Coming to terms with the autism diagnosis

eutah-mizushima-26887.jpg

This story is taken from the book My Unique Child: A Practical Guide to Raising A Child with Autism. Hong Yu’s full name has been withheld to protect the identities of the persons mentioned.

Hong Yu is currently in the technical path in a special school. His mother, Siew Yin, shares her thoughts on what she learnt was the best way to help her child with autism.

Whatever you do, you have to first accept your child and face up to it. Acceptance is most important. You may want to take him for different therapies and all kinds of treatment, but sometimes, when you go for many treatment methods, that may harm the child instead.

Someone once asked me, “Have you not ever hated your child?” My reply was, “I did when I couldn’t accept that he had autism.”

During that time, I was living in denial. All I could think about was autism and how to cure my son of it. At first, I wanted him to enter a mainstream school. After I realised that wasn’t possible, my next goal was to see him enter Pathlight School. However, the psychology assessment showed that he did not meet the requirements for Pathlight, so my next goal was to see him enter Eden School.

Around that time, I met another parent of a special needs child who told me, “Don’t lose sight of what is most important. Your child is your guide. Go to a school that is suitable for your child—not for you.”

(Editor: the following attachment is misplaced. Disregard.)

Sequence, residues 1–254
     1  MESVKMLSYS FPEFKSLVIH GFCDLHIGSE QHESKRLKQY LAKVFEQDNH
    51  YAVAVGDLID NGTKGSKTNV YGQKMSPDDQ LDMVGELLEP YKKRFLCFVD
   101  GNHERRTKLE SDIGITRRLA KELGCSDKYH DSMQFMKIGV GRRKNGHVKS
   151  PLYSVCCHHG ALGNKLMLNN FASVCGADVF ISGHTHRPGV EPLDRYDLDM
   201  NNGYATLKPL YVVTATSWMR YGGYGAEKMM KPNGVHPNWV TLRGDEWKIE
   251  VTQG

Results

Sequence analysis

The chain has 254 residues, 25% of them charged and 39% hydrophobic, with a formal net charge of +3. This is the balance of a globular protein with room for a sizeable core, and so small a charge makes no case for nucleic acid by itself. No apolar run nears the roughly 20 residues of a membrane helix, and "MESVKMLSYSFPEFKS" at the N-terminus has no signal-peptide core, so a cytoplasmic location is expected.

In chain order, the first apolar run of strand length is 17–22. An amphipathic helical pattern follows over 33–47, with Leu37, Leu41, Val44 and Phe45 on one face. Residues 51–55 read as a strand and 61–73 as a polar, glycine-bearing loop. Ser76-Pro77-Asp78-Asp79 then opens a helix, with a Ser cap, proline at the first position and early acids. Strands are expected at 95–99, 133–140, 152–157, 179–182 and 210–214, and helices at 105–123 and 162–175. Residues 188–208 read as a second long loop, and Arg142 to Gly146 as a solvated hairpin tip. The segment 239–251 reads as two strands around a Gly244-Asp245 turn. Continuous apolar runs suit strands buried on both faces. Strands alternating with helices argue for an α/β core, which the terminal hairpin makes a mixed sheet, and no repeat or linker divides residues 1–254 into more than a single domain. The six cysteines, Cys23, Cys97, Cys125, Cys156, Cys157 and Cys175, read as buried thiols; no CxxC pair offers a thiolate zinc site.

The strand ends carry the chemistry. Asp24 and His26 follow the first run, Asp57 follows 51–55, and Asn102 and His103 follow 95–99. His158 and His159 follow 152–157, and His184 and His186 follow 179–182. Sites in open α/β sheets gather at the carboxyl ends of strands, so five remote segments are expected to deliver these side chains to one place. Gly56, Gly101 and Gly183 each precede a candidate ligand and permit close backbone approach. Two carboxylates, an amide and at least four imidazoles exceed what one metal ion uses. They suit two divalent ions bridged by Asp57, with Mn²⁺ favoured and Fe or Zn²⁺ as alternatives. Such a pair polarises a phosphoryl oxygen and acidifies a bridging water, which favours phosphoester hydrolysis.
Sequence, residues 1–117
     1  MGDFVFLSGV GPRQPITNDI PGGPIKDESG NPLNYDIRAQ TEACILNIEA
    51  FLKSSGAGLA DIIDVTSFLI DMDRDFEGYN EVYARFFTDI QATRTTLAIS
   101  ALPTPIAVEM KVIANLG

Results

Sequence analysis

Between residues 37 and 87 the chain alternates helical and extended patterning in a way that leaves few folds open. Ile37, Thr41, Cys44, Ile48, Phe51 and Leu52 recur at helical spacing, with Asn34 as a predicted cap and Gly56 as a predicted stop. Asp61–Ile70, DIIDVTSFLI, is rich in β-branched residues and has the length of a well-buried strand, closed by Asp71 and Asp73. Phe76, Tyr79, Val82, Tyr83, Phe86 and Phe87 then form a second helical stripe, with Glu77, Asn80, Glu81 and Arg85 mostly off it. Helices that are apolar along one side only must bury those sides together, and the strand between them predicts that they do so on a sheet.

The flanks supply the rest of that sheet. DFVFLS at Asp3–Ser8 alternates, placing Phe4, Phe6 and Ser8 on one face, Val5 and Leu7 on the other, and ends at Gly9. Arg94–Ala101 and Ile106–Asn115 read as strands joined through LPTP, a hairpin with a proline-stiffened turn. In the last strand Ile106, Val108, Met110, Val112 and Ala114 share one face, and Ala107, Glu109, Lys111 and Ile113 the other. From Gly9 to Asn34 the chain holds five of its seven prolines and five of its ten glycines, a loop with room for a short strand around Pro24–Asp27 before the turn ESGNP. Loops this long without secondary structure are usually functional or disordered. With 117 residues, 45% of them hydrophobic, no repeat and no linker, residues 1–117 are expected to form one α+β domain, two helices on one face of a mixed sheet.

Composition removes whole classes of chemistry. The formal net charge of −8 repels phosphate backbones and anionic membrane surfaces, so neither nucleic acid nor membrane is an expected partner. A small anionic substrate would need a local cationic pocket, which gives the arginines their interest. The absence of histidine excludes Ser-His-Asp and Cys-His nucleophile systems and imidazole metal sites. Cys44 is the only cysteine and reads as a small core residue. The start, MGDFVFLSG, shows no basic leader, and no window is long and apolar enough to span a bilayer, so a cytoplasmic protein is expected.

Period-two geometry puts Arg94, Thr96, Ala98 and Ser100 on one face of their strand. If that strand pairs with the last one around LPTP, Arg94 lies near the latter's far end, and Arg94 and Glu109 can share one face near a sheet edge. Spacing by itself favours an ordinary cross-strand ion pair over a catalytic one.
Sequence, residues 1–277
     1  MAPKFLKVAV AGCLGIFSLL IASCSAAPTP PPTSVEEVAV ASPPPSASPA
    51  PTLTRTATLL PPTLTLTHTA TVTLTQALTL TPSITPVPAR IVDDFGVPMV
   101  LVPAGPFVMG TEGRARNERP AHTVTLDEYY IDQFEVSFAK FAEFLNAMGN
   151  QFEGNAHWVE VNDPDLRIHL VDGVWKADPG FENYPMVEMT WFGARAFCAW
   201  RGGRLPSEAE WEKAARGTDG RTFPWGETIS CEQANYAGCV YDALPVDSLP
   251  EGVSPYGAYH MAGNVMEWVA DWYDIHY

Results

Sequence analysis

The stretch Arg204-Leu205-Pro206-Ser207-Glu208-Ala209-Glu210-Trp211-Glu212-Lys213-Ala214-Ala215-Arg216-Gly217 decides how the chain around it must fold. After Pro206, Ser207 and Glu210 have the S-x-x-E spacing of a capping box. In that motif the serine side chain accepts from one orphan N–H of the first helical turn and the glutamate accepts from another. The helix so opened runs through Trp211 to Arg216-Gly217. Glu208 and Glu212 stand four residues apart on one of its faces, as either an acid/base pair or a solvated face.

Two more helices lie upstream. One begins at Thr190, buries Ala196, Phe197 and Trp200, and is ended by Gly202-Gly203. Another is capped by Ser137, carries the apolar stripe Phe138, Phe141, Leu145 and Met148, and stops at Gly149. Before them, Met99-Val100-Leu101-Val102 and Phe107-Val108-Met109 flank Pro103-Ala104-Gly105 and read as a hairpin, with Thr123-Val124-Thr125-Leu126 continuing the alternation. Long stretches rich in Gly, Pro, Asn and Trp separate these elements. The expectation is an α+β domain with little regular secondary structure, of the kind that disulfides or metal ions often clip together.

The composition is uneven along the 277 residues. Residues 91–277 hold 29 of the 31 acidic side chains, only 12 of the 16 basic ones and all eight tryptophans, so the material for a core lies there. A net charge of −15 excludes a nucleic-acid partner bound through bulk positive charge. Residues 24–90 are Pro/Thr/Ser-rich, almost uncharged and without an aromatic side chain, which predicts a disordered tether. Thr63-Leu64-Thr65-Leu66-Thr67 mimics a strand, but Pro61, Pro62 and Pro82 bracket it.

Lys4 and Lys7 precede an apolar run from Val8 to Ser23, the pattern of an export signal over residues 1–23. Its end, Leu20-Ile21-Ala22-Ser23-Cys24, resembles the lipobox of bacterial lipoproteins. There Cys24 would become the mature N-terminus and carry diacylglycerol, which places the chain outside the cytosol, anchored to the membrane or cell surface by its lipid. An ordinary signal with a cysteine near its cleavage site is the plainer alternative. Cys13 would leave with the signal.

I realised then that I had been blindly following the crowd.

Every child is different. Every child has different capabilities.

As with all children, children with autism can feel love. They may not express it, but they know it when you love them.

Now I tell myself, learn to accept criticism and think positively. Train him to live independently and appropriately as we may not accompany him for his whole life.

Help to promote public awareness for inclusion. Because children with autism are not able to communicate well, public awareness will help to reduce misunderstandings. Accept your child. Don’t be in a rush to cure him or her. Think about what your child needs, not what you want.


Read more stories like this in the book My Unique Child: A Practical Guide to Raising A Child with Autism.

Do you have a story of autism or know someone who does? Share your unique story. Talk to us.

VoicesJasmine Goh